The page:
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Thread: Mariner history

  1. #1
    Join Date
    Jan 2010
    , Mississippi/Texas,

    Default I am trying to understand who

    I am trying to understand who actually manufactured Mariner and when. Yamaha made the entire engine until approx. 1989 then made all the parts which were shipped to the U.S. minus the wiring and lower unit. Is this correct?

  2. #2
    Join Date
    May 2007
    Inverary, Ontario, Canada - The Great White North Eh!

    Default "It's difficult to try and

    "It's difficult to try and give you a simple answer.

    There are two distinctly different versions of the Mariner line.

    One, as you note, was completely manufactured by Yamaha - the last few models were sold as 1994 model year motors.

    These were not a unique design nor were they made to Merc specs, they were simply models that Yamaha had designed and marketed themself which were simply "branded" as Mariners.

    In most instances, these were discontinued by Yami before they ever hit the dealers as "new" Mariners. So that 1990-whatever 30 horse was really a 1978 "A" model Yami.

    In the Yami/Mariner line the largest horsepower produced was the 60 horse (last model year was 1983), with the 40 "C" model being the most prolific.

    Although well built, they were using "non-current" technology which allowed them to be sold at a lower (attractive) price point.

    The initial plan was to sell these in the Asian market with "real" Mercs being sold in Europe/N.A. and Australia through their mfgs located in those areas.

    However, the Yami Mariners popularity quickly spread (most likely due to the lower price and decent quality) and many made their way to North America.

    The "other" Mariners were simply a Merc with the Mariner decals and paint (probably trying to capitlize on the success of the Mariner line, particularly in Europe).

    Yes, through a joint venture Yamaha provided a considerable chunk of the parts, but it was a very much a Merc.

    All Merc powerheads that are of the "headless, split block" design (and some of the ones "with heads") were manufactured by Yamaha. As far as I know, Yamaha built these exclusively for Merc and I am not aware of any Yamaha outboard that ever used this headless block.

    Yamaha also made most of the gears for Merc. Again though, they are not interchangable with any Yami product out there.

    Merc simply had Yami manufacture this "stuff" for them. (eventually this partnership fell apart when Merc accused Yami of "dumping" into the U.S. Market, and although they continued to source some parts from Yami, eventually they crawled into bed with Tohatsu, who has now effectively taken the place that Yamaha once had).

    On the Merc/Mariners, the ignitions were Merc, the carbs were Walbro's and the gearcase itself (and other machined parts such as the exhaust plates, intakes etc) was totally Merc design.

    So, there is no particular "year" cut off when before was Yami and after was Merc - it is on a model by model basis and in some cases, the 40 for example, between 1989 and 1994, you could get them in "both flavours"...."

    A "professional" is someone who gets paid for their work - it doesn't necessarily mean they are good at it :)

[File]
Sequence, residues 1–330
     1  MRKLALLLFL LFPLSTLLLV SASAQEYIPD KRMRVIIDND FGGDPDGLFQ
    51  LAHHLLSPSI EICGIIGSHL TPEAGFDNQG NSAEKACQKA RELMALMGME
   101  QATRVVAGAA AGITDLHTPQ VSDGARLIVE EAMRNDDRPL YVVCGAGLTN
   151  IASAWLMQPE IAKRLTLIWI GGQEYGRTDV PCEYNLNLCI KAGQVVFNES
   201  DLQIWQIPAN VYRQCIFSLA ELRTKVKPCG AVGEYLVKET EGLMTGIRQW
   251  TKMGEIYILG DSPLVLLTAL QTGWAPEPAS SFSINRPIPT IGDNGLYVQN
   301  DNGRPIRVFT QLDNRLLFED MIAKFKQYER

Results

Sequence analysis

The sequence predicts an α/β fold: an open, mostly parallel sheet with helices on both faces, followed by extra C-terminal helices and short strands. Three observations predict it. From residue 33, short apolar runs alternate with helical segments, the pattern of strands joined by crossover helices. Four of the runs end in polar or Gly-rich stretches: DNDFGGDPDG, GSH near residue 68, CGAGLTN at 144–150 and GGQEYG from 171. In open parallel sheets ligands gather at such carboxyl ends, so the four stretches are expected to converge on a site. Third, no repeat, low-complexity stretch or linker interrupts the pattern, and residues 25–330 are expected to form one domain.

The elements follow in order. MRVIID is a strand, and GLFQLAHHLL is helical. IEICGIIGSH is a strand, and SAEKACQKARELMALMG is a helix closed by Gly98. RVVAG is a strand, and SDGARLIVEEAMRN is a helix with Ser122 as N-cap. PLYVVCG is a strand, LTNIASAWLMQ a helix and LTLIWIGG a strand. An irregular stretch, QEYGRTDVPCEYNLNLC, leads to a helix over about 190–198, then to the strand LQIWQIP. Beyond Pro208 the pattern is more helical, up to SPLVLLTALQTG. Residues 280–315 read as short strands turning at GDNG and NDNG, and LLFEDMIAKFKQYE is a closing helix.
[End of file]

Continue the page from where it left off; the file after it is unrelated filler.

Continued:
3. #3
    Join Date
    Jun 2009
    New Plymouth,Taranaki,New Zealand

    Default So where did FORCE mercurys co

    So where did FORCE mercurys come from?

  4. #4
    Join Date
    May 2007
    Ireland,the only country in the world you can go North to go South

    Default "<[img]"http://www.marineengin

    " Just curious."

  5. #5
    Join Date
    Sep 2003
    New Tripoli, PA, USA!

    Default .."So where did FORCE merc

    ..&#34;So where did FORCE mercurys come from?&#34;



  6. #6
    Join Date
    May 2007
    Inverary, Ontario, Canada - The Great White North Eh!

    Default "And a little bit Merc, depend

    "And a little bit Merc, depending on the model and year.

    The Force line was actually created &#40;started&#41; by Bayliner&#39;s U.S. Marine division.

    In the early 80&#39;s Bayliner bought what was left of the bankrupt Chrysler Outboard division in order to allow them to produce their own &#40;budget&#41; motors to hang off the back of their boats.

    The first model year or two you saw &#34;Force by Chrysler&#34;, then &#34;Force by U.S. Marine&#41; then they simply became &#34;Force&#34;.

    Many believe Force is an acronym and while untrue, From Old Recycled Chrysler Engines, is quite accurate.

    In the mid 80&#39;s Brunswick bought out Bayliner. Since they already owned Merc, they gave the line to them and Merc continued to produce the Force line well into the 90&#39;s.

    At first they were pretty much exclusively old Chrysler parts. As they started to run out you saw a blend of Chrysler and Merc parts &#40;mostly parts Merc had stopped using on their own motors back in the 1970&#39;s&#41; and some models toward the end were pure Merc, albeit totally constructed from discontinued parts.

    This kept the production costs very low which allowed them to sell the motors at pretty substantial discounts compared to their &#34;regular&#34; line.

    However, since alot of the parts were 20-30 years old at the time of production, these were pretty much intended to be a &#34;disposable&#34; engine..."

    A "professional" is someone who gets paid for their work - it doesn't necessarily mean they are good at it :)

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